Earlier this week, the CFPB published in the Federal Register a request for comments on its plans to submit a request to the Office of Management and Budget for generic clearance of an information collection to assist the CFPB’s development of financial education initiatives. According to the CFPB’s notice, the collection “will focus on identifying financial education and empowerment strategies, practices, and experiences that inform or improve consumer financial decision-making.” Through the collection, the CFPB hopes to better understand what financial education and empowerment strategies are most effective. The CFPB plans to collect the information through methods that include in-person meetings, focus groups, surveys and online discussion forums. Comments on the CFPB’s request are due by
March 18, 2013.
Also related to the CFPB’s financial education initiatives is another proposed information collection clearance already submitted to OMB titled “Clearance for Consumer Attitudes, Understanding and Behaviors with Respect to Financial Services and Products.” Initially proposed in March 2012, the proposed collection is a “yearly consumer research survey to better understand the attitudes, understanding, and behaviors of American adult consumers around issues of consumer finance.” After conducting an initial baseline survey, the CFPB intends to use subsequent survey results to “assess consumers’ awareness of, engagement in, and the ultimate impact of, the Bureau’s efforts to educate and empower consumers to improve their financial decision-making skills and outcomes.” The CFPB plans to conduct the surveys through use of telephone calls and the Internet. On December 27, 2012, the CFPB published in the Federal Register a renewed request for comments on the proposed information collection. Comments are due by January 28, 2013.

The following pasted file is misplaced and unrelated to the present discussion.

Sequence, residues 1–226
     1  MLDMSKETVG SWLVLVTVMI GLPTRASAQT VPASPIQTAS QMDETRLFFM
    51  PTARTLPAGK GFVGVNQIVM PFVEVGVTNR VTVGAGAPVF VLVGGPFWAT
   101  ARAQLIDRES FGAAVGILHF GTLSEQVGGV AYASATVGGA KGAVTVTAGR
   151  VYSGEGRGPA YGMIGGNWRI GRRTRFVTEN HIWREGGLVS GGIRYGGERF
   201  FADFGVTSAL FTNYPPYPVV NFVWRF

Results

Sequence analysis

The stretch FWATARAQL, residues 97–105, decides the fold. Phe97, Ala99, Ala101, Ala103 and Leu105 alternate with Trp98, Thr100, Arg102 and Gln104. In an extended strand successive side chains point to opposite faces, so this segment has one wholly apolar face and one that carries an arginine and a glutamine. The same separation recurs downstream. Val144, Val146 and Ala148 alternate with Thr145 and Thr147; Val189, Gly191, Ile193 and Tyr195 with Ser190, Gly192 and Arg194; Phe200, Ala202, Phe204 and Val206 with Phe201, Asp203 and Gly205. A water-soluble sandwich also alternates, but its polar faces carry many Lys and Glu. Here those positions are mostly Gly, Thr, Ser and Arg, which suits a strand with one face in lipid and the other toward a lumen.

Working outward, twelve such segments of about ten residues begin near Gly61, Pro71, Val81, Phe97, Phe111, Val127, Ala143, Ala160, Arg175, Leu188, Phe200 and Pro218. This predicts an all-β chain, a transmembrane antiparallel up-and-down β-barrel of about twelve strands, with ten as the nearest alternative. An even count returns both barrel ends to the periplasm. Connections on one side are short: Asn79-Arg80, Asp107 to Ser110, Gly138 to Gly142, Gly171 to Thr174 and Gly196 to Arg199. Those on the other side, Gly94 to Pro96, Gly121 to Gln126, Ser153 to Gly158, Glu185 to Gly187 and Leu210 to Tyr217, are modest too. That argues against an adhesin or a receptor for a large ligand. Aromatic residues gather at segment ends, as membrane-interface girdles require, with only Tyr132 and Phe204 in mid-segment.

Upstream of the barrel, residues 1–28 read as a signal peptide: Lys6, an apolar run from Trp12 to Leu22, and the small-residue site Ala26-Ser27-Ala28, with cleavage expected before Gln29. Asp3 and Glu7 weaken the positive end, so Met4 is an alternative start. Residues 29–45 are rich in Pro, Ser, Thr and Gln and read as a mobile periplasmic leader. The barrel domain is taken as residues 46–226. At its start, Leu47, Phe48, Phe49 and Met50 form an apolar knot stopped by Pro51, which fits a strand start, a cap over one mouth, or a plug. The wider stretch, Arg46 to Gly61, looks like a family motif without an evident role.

While these proposed collections are unlikely to be controversial, the CFPB’s request in June 2012 to OMB seeking generic clearance of the CFPB’s collection of information on compliance costs and other effects of regulations generated objections from several industry trade groups.